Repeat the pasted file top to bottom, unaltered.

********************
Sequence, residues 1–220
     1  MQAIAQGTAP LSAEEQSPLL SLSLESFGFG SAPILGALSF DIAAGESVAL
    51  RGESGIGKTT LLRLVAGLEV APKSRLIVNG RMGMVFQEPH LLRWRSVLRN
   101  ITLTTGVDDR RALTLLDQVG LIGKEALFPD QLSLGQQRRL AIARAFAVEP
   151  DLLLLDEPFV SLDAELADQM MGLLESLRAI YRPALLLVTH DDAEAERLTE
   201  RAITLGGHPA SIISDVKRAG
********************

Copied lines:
Sequence, residues 1–220
     1  MQAIAQGTAP LSAEEQSPLL SLSLESFGFG SAPILGALSF DIAAGESVAL
    51  RGESGIGKTT LLRLVAGLEV APKSRLIVNG RMGMVFQEPH LLRWRSVLRN
   101  ITLTTGVDDR RALTLLDQVG LIGKEALFPD QLSLGQQRRL AIARAFAVEP
   151  DLLLLDEPFV SLDAELADQM MGLLESLRAI YRPALLLVTH DDAEAERLTE
   201  RAITLGGHPA SIISDVKRAG